Vatican reveals smoke-signal components

The Vatican is revealing what the smoke signals emerging from the Sistine Chapel chimney are made of, after the stir caused by how much more distinct the black smoke in this conclave has been compared to the past.
Black smoke, including sulphur and a coal tar component, rises from the chimney on the roof of the Sistine Chapel in the Vatican City on Wednesday. (Alessandro Bianchi/Reuters)

The Vatican is revealing what the smoke signals emerging from the Sistine Chapel chimney are made of, after the stir caused by how much more distinct the black smoke in this conclave has been compared to the past.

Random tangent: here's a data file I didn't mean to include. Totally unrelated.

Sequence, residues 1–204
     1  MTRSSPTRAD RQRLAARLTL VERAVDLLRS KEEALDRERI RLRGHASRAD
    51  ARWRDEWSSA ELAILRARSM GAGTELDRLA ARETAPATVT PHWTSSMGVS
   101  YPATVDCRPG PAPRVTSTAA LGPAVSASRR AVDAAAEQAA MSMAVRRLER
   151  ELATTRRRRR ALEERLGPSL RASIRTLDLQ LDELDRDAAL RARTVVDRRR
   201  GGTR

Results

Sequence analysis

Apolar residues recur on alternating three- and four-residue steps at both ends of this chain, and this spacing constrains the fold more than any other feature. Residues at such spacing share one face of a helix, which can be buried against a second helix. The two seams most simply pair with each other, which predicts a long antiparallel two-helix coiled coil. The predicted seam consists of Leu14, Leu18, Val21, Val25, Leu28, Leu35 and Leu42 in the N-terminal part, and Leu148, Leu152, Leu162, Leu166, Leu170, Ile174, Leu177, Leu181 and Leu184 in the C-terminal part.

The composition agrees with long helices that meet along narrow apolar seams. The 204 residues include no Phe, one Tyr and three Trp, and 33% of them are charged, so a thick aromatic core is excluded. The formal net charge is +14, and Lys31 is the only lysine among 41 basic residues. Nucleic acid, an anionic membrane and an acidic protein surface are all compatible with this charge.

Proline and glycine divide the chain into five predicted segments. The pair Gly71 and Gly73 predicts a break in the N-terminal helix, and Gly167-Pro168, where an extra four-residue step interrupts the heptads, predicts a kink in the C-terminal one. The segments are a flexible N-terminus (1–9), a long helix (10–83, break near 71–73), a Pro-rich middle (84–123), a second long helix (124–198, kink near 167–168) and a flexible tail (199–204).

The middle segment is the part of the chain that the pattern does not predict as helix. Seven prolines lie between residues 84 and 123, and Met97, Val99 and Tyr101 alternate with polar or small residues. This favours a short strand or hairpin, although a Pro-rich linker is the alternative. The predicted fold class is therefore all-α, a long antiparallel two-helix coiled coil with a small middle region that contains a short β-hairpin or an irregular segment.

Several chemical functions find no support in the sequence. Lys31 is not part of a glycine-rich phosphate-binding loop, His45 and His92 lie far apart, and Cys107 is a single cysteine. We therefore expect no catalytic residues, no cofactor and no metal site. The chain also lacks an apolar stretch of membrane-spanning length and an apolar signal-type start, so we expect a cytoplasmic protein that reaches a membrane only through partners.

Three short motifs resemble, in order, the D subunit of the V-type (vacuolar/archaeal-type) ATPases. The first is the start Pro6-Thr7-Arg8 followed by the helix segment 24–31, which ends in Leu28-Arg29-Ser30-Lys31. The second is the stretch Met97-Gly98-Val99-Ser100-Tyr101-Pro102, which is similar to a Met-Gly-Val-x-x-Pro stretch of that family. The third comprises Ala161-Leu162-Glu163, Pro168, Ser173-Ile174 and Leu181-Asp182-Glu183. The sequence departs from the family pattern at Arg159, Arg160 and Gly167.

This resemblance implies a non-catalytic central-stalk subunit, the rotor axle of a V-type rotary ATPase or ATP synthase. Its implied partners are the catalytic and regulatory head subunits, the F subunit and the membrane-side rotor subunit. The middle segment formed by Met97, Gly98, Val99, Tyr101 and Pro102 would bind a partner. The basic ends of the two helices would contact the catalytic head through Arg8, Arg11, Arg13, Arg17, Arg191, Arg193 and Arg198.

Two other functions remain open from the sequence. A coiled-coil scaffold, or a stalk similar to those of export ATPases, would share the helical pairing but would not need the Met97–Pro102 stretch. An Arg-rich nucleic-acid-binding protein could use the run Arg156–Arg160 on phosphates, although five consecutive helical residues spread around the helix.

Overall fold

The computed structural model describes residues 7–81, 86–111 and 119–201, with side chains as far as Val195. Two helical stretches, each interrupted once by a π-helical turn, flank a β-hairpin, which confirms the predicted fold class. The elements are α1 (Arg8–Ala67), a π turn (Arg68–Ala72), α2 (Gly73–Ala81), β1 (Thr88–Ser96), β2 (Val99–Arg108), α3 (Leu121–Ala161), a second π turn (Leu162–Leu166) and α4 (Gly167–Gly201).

The Vatican spokesman Rev. Federico Lombardi said the black smoke that came Tuesday and Wednesday — indicating a pope had not been elected — was made by adding cartridges containing potassium perchlorate, anthracene (a component of coal tar), and sulphur to the burned ballots.

The white smoke signalling a pope has been elected is produced by potassium chlorate, lactose and chloroform resin.

The Vatican is burning the flares following confusion in past conclaves about smoke colour. Lombardi said that neither the chapel frescoes nor the cardinals inside suffered from the smoke.